Springfield, MO

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Opinion: Ruling requires employer accommodations for domestic, sexual assault survivors

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 A new law that went into effect on Aug. 28 affects businesses with 20 or more employees.

These employers must provide unpaid leave and safety accommodations to an associate if they, or one or more of their family or household members, are victims of domestic violence or sexual abuse. In addition, the company must ensure there is no retaliation against them for exerting these rights under Missouri’s Victims Economic Safety and Security Act.

Businesses with 20-49 Missouri laborers must grant up to one workweek of unpaid leave per 12-month period, and those with 50 or more employees must provide up to two workweeks under this new ruling. The workweek is based upon the standard workweek for the team member. Accordingly, the precise number of days an employee is eligible to receive will depend upon their specific standard workweek. For organizations mandated to comply with the Family and Medical Leave Act, VESSA does not add to the 12 weeks required under FMLA. VESSA leave may be taken all at once, intermittently or on a reduced work schedule. A worker must furnish at least 48 hours of advance notice to take leave, unless providing notice is not possible.

A victim may seek job-protected leave for a qualifying reason for themself or a family or household member for five reasons: No. 1, if the person is pursuing medical care for, or convalescing from, physical or psychological harm due to the violence; No. 2, if the individual is acquiring assistance from a victim services organization; No. 3, for receiving psychological counseling; No. 4, if the individual is engaging in safety planning, temporary or permanent relocation, or other activities to ensure economic security or heighten safety from future domestic or sexual violence; and No. 5, if the person is obtaining legal support or remedies to ensure health and safety, including preparing for or participating in a civil or criminal proceeding regarding domestic or sexual violence.

The definition of family or household member consists of “a spouse, parent, son, daughter, other person related by blood or by present or prior marriage, other person who shares a relationship through a son or daughter, and persons jointly residing in the same household,” according to the law.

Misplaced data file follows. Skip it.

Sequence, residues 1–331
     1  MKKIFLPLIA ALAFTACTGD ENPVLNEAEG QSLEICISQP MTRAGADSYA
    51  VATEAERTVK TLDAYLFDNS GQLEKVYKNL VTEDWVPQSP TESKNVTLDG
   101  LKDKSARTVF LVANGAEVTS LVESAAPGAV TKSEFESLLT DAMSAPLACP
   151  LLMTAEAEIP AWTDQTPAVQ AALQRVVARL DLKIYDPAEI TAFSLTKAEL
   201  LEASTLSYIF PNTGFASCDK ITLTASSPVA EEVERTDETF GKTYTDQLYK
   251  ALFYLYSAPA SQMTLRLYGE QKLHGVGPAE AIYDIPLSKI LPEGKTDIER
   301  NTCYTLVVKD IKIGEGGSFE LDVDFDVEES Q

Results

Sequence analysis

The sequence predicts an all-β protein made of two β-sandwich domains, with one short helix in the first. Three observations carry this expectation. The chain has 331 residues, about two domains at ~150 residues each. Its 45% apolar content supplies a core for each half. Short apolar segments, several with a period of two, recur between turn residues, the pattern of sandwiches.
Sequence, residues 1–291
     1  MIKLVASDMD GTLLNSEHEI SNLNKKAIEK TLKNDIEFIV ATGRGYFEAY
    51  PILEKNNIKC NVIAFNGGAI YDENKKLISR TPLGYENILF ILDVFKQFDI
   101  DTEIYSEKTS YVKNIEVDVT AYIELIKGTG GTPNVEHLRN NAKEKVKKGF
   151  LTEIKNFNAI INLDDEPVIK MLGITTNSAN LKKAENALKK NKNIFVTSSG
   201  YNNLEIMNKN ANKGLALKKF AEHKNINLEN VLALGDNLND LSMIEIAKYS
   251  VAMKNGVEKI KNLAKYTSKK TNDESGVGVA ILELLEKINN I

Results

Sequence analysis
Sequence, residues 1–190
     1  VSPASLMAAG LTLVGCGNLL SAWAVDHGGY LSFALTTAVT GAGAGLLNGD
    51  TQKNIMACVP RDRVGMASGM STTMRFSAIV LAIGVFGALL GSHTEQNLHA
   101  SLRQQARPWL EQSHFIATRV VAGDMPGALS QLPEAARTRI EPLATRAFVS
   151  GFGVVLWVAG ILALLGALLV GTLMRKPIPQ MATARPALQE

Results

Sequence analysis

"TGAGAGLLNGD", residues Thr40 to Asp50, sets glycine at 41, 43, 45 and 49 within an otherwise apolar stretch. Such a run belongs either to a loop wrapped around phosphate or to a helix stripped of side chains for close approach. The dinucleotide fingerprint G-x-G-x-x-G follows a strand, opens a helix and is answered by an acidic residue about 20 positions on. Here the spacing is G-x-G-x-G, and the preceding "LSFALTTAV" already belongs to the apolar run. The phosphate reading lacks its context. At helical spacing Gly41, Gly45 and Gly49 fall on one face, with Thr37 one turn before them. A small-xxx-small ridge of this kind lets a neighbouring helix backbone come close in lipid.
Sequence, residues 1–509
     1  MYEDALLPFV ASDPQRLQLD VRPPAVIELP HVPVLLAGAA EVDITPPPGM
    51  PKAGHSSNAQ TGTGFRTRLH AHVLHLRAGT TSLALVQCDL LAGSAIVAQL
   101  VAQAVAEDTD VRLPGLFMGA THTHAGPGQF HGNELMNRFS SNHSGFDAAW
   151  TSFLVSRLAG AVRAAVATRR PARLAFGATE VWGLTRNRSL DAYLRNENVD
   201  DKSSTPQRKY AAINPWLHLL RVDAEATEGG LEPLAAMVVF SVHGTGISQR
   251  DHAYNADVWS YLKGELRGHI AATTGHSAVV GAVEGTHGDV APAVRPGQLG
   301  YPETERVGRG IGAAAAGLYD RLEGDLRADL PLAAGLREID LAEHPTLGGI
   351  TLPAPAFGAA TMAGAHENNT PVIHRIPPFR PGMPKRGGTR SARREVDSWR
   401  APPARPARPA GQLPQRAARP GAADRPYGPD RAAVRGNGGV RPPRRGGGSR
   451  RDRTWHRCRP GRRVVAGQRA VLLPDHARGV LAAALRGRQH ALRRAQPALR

The corporation may require the staff member to periodically communicate status updates and intention to return to work. They may not lose any employment benefit accrued prior to the leave start date. The firm must continue a group health plan during the leave and restore them to their job after the leave. If they do not return to work following the leave, the establishment is able to recover the premium paid to maintain the group health insurance during the leave.

An employer may require the employee to provide certification that the leave is for one of the qualifying reasons and they or their family or household member is a victim of domestic or sexual violence. The law states the individual must supply the information within a reasonable period after receiving the request. The certification should include a sworn statement and include at least one of the following: police or court record; other corroborating evidence or documentation from an attorney, clergy member, medical or other professional aiding them or their family or household member to address the domestic or sexual violence and the effects of such violence; or an employee, agent or volunteer of a victim services organization. All information must be kept in the strictest confidence.

Timely safety accommodations must be furnished to the laborer, unless the accommodation will cause undue hardship to the business. Employers are required to examine any pressing conditions or danger facing the worker or their family or household member when deciding if the accommodation is reasonable.

Accommodations might consist of time off, altered scheduling, lock installation, a new phone number or seating assignment, safety procedure implementation, or altering a job structure, workplace facility or work requirement, including transfer or reassignment.

An additional option is assistance in documenting domestic violence happening at the workplace or in work-related settings due to genuine or threatened domestic violence. A firm may require written documentation signed by the staff member, or an individual acting on their behalf, attesting the safety accommodation is for a reason approved by VESSA.

Establishments must notify associates of their rights under VESSA by Oct. 27. Employers need to immediately update employee handbooks, create necessary forms and provide management training.

Lynne Haggerman holds a master of science in industrial organizational psychology and is president/owner of Lynne Haggerman & Associates LLC, specializing in management training, retained search, outplacement and human resource consulting. She can be reached at


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